The Best Server CPUs Compared, Part 1by Johan De Gelas on December 22, 2008 10:00 PM EST
- Posted in
- IT Computing
The past several months have seen both Intel and AMD introducing interesting updates to their CPU lines. Intel started with the E-stepping of the Xeon. Even at 3GHz, the four cores of the Xeon 5450 need 80W at the most, and if speed is all you care about a 120W 5470 is available at 3.33GHz. The big news came of course from AMD. The "only native x86 quad-core" is finally shining bright thanks to a very successful transition to 45nm immersion lithography as you can read here. The result is a faster and larger 6MB L3 cache, higher clock speeds, and lower memory latency. AMD's quad-core is finally ready to be a Xeon killer.
So it was time for a new server CPU shoot out as server buyers are confronted with quickly growing server CPU pricelists. Talking about pricelists, is someone at marketing taking revenge on a strict math teacher that made him/her suffer a few years ago? How else can you explain that the Xeon 5470 is faster than the 5472, and that the Xeon 5472 and 5450 are running at the same clock speed? The deranged Intel (and in a lesser degree AMD) numbering system now forces you to read through spec sheets the size of a phone book just to get an idea of what you are getting. Or you could use a full-blown search engine to understand what exactly you can or will buy. The marketing departments are happy though: besides the technical white papers you need to read to build a server, reading white papers to simply buy a CPU is now necessary too. Market segmentation and creative numbering…a slightly insane combination.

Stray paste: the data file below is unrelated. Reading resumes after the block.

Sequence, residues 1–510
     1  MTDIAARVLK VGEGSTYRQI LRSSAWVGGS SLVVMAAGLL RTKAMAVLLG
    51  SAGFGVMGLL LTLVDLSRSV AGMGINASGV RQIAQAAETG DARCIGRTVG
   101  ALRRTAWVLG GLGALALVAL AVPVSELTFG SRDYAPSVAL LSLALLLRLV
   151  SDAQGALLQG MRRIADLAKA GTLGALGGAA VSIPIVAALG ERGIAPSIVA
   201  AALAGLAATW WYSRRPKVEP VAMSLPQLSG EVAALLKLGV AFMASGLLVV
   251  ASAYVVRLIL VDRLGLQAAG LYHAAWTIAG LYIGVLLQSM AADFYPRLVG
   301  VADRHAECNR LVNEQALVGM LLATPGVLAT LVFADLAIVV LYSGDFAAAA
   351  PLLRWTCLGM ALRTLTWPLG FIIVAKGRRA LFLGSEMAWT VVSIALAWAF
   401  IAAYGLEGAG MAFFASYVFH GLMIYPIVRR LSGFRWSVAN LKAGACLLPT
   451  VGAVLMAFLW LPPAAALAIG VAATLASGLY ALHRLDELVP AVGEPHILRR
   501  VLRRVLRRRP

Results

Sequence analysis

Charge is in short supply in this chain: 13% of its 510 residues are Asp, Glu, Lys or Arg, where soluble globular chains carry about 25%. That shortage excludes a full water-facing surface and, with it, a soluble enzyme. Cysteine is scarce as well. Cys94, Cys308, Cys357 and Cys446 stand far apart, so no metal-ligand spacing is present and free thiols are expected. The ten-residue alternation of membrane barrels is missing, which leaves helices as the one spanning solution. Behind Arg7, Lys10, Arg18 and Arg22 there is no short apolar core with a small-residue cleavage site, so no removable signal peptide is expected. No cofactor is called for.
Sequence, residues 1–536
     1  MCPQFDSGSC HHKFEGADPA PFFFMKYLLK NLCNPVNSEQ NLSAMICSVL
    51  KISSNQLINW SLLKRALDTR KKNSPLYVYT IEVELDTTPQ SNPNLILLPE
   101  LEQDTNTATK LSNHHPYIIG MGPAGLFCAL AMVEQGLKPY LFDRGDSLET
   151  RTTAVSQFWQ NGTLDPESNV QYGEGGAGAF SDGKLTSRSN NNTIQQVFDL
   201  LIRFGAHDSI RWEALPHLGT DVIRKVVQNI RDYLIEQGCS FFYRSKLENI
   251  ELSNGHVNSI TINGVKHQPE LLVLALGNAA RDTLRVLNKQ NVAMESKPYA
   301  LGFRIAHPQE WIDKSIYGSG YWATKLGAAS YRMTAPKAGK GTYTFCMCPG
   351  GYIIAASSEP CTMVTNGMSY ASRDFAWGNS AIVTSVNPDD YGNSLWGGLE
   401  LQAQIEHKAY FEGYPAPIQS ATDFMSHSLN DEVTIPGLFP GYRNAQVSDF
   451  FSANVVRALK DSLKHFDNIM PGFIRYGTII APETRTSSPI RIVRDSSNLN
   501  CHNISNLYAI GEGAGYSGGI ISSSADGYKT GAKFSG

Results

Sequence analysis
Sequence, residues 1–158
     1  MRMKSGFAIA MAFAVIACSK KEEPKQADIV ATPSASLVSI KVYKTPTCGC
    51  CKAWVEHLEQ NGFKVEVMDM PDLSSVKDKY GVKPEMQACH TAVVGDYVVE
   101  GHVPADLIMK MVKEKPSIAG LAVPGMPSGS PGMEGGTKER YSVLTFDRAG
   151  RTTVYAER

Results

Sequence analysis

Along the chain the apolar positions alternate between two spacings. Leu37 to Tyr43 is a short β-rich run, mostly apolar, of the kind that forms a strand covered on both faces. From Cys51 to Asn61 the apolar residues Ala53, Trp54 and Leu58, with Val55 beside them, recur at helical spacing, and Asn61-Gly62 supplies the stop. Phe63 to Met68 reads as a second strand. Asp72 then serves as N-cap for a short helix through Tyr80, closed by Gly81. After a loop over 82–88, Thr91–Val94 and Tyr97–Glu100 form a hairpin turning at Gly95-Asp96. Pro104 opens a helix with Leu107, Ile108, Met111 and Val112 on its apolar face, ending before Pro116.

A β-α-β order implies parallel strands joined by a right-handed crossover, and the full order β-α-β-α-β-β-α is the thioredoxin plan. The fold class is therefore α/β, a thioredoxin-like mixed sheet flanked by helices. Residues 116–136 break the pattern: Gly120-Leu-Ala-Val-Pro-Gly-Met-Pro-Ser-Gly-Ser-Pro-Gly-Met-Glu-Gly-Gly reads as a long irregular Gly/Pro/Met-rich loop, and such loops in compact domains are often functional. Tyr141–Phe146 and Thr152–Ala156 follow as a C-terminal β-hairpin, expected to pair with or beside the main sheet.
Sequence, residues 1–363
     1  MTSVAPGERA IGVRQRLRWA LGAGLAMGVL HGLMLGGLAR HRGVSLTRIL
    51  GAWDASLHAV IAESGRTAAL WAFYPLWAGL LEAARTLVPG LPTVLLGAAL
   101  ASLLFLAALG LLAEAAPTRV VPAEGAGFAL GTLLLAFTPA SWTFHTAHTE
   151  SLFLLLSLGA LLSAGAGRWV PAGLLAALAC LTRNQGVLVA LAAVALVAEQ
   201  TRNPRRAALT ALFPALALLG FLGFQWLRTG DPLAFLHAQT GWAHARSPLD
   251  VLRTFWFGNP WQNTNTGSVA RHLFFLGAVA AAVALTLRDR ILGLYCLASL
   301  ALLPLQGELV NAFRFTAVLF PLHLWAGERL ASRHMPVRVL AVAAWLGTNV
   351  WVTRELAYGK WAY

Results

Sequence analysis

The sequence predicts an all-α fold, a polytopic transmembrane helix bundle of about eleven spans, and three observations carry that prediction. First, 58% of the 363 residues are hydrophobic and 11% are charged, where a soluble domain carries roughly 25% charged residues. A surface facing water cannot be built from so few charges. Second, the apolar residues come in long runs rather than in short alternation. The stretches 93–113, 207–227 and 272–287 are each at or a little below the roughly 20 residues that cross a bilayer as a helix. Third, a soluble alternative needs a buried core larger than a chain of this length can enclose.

Anyway, if you are an investor trying to understand how the different offerings compare, or you are out to buy a new server and are asking yourself what CPU should be in there, this article will help guide you through the newest offerings of Intel and AMD. In addition, as the Xeon 55xx - based on the Nehalem architecture - is not far off, we will also try it to see what this CPU will bring to the table. This article is different from the previous ones, as we have changed the collection of benchmarks we use to evaluate server CPUs. Read on, and find out why we feel this is a better and more realistic approach.
Breaking out of the benchmark prison